Ahmed Bedier, former chief of Hamas-linked CAIR's Tampa office, is a "moderate" Muslim leader -- he even appeared on Glenn Beck's show in March 2007 to speak out against "extremism." On that show, he declared: “We condemn any nation, country or group that uses Islam or misuses and misinterprets Islam in violent ways.” Announcing his depature from CAIR, he explained his future plans in terms to warm any multiculturalist’s heart: “I’m going to expand on and build upon my work as a civil rights and human rights leader into broader areas of peace building, interfaith dialogue and reconciliation.”
However, like so many moderates, Bedier is not really all that moderate. He has said that before 1995, when the State Department declared Palestinian Islamic Jihad a terrorist group, there was “nothing immoral” about associating with the group. The anti-terror advocacy group Americans Against Hate notes that “Bedier’s answer is startling, given the fact that, prior to 1995, Palestinian Islamic Jihad took credit for five terrorist attacks, which resulted in the murders of eight innocent people. This includes a suicide bombing in the town of Netzarim Junction, in November of 1994.”
And when two Muslim college students, Youseff Megahed and Ahmed Mohamed, were found with pipe bombs (and one of whom admitted to making a video about how to use remote-controlled bombs against American soldiers), Bedier claimed that the pipe bomb material was just fireworks and said, “Both of them are really naïve kids.” On a Florida TV show, Bedier sidestepped numerous opportunities to condemn the barbaric practice of stoning.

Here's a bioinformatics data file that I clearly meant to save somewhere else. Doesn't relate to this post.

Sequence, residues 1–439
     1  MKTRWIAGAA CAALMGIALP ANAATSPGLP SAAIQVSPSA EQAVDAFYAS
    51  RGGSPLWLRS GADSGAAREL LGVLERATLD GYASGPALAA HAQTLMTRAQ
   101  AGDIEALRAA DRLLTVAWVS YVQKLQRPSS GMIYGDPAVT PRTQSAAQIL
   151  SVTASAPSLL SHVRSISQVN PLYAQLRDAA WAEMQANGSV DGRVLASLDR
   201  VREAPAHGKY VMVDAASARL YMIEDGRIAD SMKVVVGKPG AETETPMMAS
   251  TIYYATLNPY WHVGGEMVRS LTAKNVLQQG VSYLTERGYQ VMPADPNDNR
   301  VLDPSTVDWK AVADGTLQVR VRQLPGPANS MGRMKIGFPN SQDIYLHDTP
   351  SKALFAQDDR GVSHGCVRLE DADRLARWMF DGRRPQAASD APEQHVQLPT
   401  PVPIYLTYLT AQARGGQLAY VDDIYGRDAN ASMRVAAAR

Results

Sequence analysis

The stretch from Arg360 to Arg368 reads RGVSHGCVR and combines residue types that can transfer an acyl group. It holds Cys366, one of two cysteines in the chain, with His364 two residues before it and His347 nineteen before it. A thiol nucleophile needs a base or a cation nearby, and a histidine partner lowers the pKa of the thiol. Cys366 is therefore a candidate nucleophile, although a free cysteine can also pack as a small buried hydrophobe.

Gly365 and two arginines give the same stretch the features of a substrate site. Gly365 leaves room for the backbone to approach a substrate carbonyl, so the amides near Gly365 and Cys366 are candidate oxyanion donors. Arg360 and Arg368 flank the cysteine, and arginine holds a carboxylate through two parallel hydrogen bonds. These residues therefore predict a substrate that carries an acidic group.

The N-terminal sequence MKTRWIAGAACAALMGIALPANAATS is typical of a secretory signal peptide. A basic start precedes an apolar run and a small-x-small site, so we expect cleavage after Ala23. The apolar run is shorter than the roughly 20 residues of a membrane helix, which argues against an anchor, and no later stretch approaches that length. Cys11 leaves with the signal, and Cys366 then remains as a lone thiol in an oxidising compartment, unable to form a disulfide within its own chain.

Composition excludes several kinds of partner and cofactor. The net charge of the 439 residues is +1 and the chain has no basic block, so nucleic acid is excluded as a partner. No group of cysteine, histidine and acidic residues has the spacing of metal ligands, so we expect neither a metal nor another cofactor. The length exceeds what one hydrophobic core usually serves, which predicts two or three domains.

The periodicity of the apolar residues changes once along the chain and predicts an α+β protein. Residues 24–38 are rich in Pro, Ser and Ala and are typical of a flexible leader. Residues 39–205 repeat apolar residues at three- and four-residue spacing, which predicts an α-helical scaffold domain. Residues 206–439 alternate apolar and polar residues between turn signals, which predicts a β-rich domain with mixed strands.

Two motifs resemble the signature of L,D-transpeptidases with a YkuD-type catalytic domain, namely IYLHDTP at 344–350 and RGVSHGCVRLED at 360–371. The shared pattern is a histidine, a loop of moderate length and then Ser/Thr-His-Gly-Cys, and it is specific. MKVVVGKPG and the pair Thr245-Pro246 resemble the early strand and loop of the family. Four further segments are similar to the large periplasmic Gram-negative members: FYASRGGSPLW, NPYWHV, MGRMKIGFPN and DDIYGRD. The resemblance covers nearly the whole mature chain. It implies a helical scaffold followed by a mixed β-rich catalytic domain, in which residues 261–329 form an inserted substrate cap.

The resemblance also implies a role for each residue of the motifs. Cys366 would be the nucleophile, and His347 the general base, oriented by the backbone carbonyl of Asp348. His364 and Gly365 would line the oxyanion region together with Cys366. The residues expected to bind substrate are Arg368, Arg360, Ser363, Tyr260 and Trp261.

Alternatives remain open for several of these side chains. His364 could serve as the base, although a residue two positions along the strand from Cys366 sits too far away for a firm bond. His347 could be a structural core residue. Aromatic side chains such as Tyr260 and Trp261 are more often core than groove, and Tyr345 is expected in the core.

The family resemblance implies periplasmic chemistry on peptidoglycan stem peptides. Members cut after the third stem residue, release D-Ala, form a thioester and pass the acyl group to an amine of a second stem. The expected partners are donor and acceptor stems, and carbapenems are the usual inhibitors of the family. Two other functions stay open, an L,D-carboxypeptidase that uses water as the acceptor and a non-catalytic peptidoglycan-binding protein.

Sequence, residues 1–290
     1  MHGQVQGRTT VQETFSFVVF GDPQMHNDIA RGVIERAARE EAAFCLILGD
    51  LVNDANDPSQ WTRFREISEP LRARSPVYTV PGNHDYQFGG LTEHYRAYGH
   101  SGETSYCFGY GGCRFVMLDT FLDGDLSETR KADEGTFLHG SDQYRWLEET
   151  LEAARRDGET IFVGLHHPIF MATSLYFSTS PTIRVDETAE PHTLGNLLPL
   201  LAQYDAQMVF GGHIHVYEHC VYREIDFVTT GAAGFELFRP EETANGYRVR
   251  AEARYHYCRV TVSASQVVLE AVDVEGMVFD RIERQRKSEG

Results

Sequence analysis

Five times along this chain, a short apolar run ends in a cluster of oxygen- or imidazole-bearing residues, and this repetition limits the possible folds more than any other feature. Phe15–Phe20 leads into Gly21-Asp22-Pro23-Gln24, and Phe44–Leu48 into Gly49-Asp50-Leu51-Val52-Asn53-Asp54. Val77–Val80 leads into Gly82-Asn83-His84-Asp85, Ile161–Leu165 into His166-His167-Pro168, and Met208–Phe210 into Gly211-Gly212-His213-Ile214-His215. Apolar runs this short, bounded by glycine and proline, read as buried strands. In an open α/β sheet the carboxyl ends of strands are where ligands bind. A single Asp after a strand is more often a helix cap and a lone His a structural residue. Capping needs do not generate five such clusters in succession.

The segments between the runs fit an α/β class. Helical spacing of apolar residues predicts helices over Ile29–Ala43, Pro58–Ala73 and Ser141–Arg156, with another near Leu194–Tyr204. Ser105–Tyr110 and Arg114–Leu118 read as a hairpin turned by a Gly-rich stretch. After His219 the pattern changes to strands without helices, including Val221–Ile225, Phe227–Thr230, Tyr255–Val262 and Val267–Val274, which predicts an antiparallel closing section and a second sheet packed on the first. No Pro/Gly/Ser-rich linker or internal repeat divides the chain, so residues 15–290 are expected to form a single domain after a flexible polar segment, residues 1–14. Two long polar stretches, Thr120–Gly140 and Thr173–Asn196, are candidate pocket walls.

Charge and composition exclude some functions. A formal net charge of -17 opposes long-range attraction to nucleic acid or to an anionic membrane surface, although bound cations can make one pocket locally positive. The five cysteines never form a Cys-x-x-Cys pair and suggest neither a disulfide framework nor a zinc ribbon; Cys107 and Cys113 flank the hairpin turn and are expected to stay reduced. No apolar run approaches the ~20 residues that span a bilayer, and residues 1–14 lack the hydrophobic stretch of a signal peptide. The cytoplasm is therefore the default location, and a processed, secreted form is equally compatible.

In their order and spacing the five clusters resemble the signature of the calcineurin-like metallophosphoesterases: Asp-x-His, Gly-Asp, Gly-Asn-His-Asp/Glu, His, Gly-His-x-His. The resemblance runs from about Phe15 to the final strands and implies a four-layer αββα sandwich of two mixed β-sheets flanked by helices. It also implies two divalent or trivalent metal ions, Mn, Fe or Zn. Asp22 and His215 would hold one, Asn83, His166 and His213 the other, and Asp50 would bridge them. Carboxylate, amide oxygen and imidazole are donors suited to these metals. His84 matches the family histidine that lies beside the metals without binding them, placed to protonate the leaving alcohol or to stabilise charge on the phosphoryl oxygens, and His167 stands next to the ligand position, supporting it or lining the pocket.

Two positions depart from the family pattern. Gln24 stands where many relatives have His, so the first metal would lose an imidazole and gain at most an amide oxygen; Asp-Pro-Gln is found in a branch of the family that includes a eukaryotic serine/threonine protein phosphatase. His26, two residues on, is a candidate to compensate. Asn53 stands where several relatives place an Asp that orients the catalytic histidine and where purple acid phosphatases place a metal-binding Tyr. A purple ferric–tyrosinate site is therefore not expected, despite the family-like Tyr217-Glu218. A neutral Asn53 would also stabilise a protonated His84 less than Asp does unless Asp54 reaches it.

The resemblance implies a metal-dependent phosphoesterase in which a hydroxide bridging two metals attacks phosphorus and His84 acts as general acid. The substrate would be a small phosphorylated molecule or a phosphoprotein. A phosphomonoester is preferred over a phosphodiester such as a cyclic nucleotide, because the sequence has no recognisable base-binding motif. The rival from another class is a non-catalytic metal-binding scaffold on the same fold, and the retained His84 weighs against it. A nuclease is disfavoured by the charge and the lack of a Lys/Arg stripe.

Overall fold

Regardless of all that, Ahmed Bedier is still touted as a "moderate" by those who are clueless and compromised. And now his brother has been killed while fighting for the Muslim Brotherhood in Egypt. It is interesting how many Muslim leaders in the U.S. have spent years denying any ties to the Muslim Brotherhood, despite all the evidence to the contrary, but have rallied to support the Brotherhood when it was cast out of power in Egypt. In his statements of grief over his brother's death, Ahmed Bedier never distanced himself from his brother's political or religious stances.
Then today there is also this:
"Al-Qaida chief's brother arrested in Egypt," by Maggie Michael for the Associated Press, August 17 (thanks to all who sent this in):
CAIRO — Egyptian authorities have arrested the brother of al-Qaida chief Ayman al-Zawahri, a security official said Saturday.
He said Mohammed al-Zawahri, leader of the ultraconservative Jihadi Salafist group, was detained at a checkpoint in Giza, the city across the Nile from Cairo.
Remember: for the mainstream media, you're ultraconservative if you're pro-Sharia, and also ultraconservative (or "far-right") if you oppose Sharia.
But anyway, it's a revealing tale of two brothers: one of the leader of al-Qaeda, the other of a "moderate" Muslim leader, both fighting for the Muslim Brotherhood in Egypt. One would think that a "moderate" wouldn't have anything in common with an al-Qaeda "extremist," right? Or so the learned analysts tell us. But here again, as always, they're wrong.